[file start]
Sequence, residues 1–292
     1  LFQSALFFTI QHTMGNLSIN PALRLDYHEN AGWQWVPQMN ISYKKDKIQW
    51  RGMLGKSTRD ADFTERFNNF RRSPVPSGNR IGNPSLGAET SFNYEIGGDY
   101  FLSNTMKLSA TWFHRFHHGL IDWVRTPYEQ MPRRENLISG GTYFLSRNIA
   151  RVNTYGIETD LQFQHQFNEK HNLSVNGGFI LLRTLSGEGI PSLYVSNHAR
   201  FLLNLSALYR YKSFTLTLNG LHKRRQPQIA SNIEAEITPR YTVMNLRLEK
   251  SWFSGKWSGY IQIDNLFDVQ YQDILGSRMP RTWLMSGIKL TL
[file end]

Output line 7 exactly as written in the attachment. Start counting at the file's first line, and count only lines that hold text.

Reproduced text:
   251  SWFSGKWSGY IQIDNLFDVQ YQDILGSRMP RTWLMSGIKL TL